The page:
## Stream: new members

### Topic: desugaring have

#### Olli (Sep 02 2018 at 19:49):

https://gist.github.com/luxbock/f0c19afd8d88fef9c13814ba072b9eb5

Can anyone explain what I'm doing wrong? I tried adding parentheses in different places but couldn't make it work

#### Etienne Laurin (Sep 02 2018 at 19:59):

I think you need to add parenthesis around (and.right h) and (and.left h)

#### Reid Barton (Sep 02 2018 at 20:00):

In this case around and.left h

#### Reid Barton (Sep 02 2018 at 20:00):

You need parentheses around the argument of a function. f x y means (f x) y

#### Olli (Sep 02 2018 at 20:01):

thanks, yeah that did it

#### Olli (Sep 04 2018 at 20:11):

https://gist.github.com/luxbock/0e19b04aaca49ccf18e5df060d2d3e8e

same as last time, except now I feel fairly confident that I should have got this right, but I don't understand why it's not able to infer the right types for the disjunction. I realize this is probably not how you'd ever write things, but nevertheless am I doing something wrong here?

#### Kevin Buzzard (Sep 04 2018 at 20:55):

I get a gazillion errors when I copy paste

#### Kevin Buzzard (Sep 04 2018 at 21:03):

but apart from that, as I'm sure you know, the problem is that or.inl hq doesn't have enough information to know it's a proof of q or r.

#### Kevin Buzzard (Sep 04 2018 at 21:03):

Here are two ways to fix it: for the first error, replace the offending line with and.intro hp (@or.inl q r hq)) i.e. use the @ trick and tell Lean the implicit variables yourself

#### Kevin Buzzard (Sep 04 2018 at 21:04):

For the second line, you could write and.intro hp (or.inr hr : q ∨ r)) , i.e. tell Lean the type you want it to be.

#### Olli (Sep 05 2018 at 06:59):

thanks, that does indeed work.

The reason I find this confusing is because based on reading the tutorial, I thought that have would desugar as I wrote it. It should have all the same information compared writing it with have.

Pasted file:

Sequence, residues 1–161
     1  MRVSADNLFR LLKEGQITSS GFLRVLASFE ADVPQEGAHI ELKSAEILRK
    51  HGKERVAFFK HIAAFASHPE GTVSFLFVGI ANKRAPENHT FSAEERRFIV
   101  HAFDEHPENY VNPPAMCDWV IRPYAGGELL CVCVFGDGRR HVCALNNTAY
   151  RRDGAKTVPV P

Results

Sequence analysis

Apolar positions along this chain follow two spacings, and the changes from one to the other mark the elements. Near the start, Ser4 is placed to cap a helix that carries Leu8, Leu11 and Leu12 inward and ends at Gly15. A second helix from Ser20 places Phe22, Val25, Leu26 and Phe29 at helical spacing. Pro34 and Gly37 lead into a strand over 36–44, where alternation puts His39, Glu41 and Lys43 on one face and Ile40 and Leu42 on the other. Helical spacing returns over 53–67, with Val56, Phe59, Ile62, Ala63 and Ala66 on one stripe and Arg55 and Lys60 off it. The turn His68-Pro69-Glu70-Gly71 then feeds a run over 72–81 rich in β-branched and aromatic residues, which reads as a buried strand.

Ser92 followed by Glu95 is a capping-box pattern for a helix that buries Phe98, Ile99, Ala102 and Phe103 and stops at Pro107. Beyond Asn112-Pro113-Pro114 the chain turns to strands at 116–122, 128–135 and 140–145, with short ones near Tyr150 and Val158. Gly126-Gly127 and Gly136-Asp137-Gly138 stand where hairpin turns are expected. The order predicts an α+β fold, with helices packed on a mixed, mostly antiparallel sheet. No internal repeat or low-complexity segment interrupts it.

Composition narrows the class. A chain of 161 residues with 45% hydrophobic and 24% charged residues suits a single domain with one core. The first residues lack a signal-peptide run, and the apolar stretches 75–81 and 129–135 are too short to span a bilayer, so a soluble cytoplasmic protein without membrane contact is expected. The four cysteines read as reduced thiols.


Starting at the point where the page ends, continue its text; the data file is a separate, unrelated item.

#### Kevin Buzzard (Sep 05 2018 at 07:31):

My non-expert guess as to what is going on is this. Lean sometimes doesn't have enough information to work out what the type of something is (e.g. when you type or.inr hr). When this happens it inserts a metavariable instead (e.g. ?m_1[hpr, _, _]). You talk about desugaring, but I think the process which is behaving differently in the two cases is the elaboration process, when these metavariables get solved. Elaboration is a complicated thing and depends on a lot of stuff going on in the background, for example whether various terms are tagged elab_simple or elab_as_eliminator or whatever -- even changing the way you apply a function f {a} b from f b to @f _ b can (and often does) change the elaboration strategy. In short, I don't think this is about desugaring, it's about the complex elaboration process which goes on behind the scenes after that.

#### Olli (Sep 05 2018 at 09:54):

yeah it was a good exercise to do, because I learned something from it

Last updated: May 16 2021 at 05:21 UTC